UBC Theses and Dissertations
"Wanderers Yesterday--Americans Today" : Jewish humanitarian agencies and the Americanization of displaced persons, 1945-1955 Geizhals, Emily
In the immediate post-World War II period, from 1945 to about 1955, more than 650,000 Jewish displaced persons (DPs) left European DP camps and immigrated to the United States. Guided by American Jewish humanitarian agencies, these DPs undertook the process of acculturating to American life. Under the 1945 Truman Directive, many of these organizations acted as sponsoring agencies for DPs and were required to guarantee that DPs would receive transportation, housing, employment, and would not become a “public charge.” Beyond these four specific guarantees, humanitarian organizations also partnered with the US government to turn DPs into naturalized US citizens. At the same time, American Jewish humanitarian agencies took advantage of the opportunity to engage the American Jewish community by fundraising and calling for volunteers. In addition to providing English and citizenship classes, as well as job training to help “new Americans” become acculturated citizens, humanitarian agencies provided space for DPs to develop an American Jewish identity. This paper examines five American Jewish humanitarian agencies that assisted in the acculturation and Americanization of DPs in New York City during this period: the United Service for New Americans, the European-Jewish Children’s Aid, the Educational Alliance, the National Council of Jewish Women, and the Organization for Rehabilitation through Training. Each participated in the dual project of creating American citizens out of former DPs and also in strengthening the American Jewish community through their acculturation. This paper contributes to the growing trend towards transnational studies of the Holocaust, and places post-World War II Jewish immigration in the longer history of European Jewish immigration to the US.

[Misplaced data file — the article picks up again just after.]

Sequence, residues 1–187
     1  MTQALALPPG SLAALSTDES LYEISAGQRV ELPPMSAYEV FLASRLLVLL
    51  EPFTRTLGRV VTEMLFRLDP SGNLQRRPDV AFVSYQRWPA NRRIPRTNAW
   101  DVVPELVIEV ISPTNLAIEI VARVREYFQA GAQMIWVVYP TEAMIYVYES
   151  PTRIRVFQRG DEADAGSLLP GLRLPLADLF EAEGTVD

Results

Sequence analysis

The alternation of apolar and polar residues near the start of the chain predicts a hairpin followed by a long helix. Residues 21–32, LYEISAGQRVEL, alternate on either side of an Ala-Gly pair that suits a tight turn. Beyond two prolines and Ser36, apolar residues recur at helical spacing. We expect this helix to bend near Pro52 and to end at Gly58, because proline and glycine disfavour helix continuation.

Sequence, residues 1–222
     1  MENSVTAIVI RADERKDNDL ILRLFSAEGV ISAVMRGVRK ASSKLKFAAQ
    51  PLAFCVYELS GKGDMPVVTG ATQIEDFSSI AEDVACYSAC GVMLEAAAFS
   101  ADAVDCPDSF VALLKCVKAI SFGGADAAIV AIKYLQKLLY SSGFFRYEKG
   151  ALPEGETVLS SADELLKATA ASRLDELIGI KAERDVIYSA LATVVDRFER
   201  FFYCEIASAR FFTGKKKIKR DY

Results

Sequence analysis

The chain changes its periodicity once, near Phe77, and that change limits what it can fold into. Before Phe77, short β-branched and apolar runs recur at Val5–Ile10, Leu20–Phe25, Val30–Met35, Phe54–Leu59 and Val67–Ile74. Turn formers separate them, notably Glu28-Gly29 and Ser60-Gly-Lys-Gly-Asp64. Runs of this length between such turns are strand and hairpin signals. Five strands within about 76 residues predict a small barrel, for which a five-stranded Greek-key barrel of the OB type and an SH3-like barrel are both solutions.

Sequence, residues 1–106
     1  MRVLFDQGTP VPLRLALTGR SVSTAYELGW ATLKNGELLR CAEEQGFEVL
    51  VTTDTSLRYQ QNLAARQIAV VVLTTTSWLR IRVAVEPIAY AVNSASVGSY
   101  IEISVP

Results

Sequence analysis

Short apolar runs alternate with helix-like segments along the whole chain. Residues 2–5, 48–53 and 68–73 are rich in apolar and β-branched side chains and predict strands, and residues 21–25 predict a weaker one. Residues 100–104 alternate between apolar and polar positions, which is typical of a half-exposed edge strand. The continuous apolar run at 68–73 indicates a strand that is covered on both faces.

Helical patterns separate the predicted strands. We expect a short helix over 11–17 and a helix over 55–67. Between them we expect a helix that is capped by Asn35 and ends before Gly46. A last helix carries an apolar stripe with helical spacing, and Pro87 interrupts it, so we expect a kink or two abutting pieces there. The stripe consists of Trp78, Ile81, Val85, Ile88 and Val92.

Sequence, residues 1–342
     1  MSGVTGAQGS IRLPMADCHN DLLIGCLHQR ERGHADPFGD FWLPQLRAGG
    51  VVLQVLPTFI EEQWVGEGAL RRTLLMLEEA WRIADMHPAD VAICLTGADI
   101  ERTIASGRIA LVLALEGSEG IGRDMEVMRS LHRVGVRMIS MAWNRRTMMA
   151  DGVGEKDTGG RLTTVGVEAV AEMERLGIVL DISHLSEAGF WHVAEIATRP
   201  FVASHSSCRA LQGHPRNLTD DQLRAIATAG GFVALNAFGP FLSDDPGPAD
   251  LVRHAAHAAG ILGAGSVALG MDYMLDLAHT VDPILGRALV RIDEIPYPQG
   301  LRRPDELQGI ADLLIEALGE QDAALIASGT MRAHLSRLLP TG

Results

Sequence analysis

Item Citations and Data
Attribution-NonCommercial-NoDerivatives 4.0 International